They have a saying in the autism community that “If you’ve met one person with autism, you’ve met one person with autism.” Our experience is ours only. Some experiences are harder, some are easier, but for most of us, it’s a crazy combination of hard and easy.

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Finding cairns helped motivate the kids. Other hikers thought it was adorable and cute, rightly so.

Desert Oasis

A part of my heart will always belong to red rock country. Technically, I grew up in Brigham City, UT – a town most people have only driven past and where the school year can’t start until after the county fair. While the town and community obviously helped mold me into who I am, my soul will always claim the muddy waters of the Green River, the sagebrush strewn trails of the Wasatch front, and the red hoodoos of Southern Utah. A desert girl at heart, whenever my feet are on red dirt, I’m home.

I have always been fascinated by things that are green since they are rare to my natural habitat, but I remain fiercely loyal to the land I was raised on, loving anything that is dusty red. To borrow Edward Abbey’s words, “If we had water here this country would not be what it is. It would be like Ohio, wet and humid and hydrological, all covered with cabbage farms and golf courses. Instead of this lovely barren desert we would have only another blooming garden state, like New Jersey. And where then would people go when they wanted to see something besides people?”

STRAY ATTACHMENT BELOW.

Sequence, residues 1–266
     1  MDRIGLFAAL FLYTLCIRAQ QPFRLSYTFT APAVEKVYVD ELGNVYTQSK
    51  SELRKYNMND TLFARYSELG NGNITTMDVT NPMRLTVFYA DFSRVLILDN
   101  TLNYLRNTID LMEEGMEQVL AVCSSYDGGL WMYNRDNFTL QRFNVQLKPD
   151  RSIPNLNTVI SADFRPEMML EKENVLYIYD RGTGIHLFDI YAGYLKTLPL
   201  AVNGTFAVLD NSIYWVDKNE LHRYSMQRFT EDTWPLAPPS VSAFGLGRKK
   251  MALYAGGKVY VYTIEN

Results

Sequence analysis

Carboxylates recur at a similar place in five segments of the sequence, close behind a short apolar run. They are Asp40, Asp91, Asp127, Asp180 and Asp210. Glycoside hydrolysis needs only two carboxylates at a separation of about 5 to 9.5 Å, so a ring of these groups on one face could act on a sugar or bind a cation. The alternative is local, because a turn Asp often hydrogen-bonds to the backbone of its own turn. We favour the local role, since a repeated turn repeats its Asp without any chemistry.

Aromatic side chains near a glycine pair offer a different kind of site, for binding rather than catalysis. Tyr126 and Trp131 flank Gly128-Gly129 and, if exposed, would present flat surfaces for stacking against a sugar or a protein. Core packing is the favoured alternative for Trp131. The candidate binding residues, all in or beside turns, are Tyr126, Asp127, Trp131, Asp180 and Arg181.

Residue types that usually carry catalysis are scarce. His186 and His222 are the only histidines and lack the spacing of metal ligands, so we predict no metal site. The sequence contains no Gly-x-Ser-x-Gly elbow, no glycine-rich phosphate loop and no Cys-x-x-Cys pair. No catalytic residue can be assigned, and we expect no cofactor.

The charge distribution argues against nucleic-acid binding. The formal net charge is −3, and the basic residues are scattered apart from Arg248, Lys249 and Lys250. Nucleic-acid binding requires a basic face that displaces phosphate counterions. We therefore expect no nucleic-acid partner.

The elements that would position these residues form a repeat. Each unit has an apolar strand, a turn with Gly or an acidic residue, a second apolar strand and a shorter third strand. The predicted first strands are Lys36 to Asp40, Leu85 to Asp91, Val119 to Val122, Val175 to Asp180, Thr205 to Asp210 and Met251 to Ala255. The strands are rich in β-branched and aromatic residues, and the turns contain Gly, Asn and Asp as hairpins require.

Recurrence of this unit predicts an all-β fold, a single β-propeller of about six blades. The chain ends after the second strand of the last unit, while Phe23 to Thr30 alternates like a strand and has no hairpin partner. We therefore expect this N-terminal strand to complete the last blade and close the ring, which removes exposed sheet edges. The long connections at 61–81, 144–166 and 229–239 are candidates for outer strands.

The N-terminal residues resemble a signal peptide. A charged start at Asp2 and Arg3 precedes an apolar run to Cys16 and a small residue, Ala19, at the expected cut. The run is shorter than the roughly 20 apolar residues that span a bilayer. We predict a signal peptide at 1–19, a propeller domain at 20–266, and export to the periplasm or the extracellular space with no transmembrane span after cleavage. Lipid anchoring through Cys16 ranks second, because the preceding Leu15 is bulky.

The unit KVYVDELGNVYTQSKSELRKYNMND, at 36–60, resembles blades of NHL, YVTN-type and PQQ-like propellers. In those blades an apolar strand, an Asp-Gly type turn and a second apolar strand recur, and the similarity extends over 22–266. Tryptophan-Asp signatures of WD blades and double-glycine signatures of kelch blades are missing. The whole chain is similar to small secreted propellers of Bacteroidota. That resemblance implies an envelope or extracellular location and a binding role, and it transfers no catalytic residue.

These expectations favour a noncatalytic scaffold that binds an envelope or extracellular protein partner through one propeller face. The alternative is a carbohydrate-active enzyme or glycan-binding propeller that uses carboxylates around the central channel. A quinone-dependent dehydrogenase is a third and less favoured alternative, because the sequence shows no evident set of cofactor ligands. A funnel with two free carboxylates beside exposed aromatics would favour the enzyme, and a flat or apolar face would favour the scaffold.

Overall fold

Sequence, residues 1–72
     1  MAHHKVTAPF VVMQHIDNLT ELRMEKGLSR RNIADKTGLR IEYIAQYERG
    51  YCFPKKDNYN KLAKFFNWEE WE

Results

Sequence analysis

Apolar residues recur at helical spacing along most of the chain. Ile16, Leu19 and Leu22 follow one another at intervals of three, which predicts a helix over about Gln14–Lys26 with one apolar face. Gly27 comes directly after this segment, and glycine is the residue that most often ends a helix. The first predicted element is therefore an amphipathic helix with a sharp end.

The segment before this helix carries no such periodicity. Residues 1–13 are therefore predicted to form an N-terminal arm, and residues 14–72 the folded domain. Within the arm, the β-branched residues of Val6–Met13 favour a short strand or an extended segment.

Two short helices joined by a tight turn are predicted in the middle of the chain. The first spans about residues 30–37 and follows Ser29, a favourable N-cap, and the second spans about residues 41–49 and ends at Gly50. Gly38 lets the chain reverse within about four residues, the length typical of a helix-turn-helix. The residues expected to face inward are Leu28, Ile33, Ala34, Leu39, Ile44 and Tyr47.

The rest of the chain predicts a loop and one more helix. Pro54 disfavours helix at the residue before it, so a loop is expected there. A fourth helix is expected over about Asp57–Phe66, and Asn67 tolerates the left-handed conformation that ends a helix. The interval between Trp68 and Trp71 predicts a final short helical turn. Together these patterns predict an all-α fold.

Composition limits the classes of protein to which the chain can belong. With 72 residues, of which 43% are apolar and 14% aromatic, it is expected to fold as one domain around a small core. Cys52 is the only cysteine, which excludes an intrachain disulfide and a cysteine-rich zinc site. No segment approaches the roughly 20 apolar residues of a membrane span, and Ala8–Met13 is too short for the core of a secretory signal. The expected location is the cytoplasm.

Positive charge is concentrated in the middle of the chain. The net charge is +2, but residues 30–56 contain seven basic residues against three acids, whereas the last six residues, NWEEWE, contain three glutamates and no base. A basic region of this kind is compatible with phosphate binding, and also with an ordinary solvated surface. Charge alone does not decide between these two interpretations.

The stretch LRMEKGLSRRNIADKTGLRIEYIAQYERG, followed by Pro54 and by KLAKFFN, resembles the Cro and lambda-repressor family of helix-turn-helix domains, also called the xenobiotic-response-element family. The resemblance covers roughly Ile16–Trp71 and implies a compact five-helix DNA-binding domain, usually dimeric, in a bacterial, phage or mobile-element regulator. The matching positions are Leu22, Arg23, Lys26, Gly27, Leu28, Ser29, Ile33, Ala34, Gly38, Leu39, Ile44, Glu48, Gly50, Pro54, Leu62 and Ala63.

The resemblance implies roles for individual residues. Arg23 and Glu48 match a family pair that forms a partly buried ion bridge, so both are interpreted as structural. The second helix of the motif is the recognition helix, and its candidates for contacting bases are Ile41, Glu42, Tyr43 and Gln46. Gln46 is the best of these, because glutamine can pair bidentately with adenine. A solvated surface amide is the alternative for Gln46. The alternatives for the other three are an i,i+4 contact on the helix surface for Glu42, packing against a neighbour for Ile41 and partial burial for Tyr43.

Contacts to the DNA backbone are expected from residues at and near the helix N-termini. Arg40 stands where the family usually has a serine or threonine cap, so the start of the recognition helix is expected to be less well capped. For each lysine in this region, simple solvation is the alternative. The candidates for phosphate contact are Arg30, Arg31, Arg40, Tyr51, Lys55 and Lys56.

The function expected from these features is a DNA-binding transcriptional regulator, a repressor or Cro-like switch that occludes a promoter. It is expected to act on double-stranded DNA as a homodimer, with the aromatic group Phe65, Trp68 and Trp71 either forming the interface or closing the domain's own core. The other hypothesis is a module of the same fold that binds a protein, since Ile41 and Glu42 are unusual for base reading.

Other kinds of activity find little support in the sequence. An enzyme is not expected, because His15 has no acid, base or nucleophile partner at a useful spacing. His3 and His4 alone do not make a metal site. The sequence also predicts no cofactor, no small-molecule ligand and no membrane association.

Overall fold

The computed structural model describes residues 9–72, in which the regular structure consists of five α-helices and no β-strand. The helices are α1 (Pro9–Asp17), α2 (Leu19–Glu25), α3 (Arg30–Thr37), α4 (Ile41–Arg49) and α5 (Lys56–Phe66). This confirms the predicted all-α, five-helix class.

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Generally, when we get homesick for sandstone we head to Red Rocks, but at some point the hole in our heart gets too big and we have to have the real thing. We didn’t make any plans for Spring Break this year. We were just going to hang out at home and I’d take the kids to do some cool local stuff, but when I talked to one of the other preschool moms and she mentioned their plans to go to Moab I became painfully aware that the emptiness inside of me had grown so big it was dangerously close to swallowing me up. Our souls were in dire need of the comforting warmth of desert heat. In what may have been our first spontaneous act as a couple, we obsessively began planning a last minute, extended weekend trip to South Eastern Utah. We were giddy with excitement.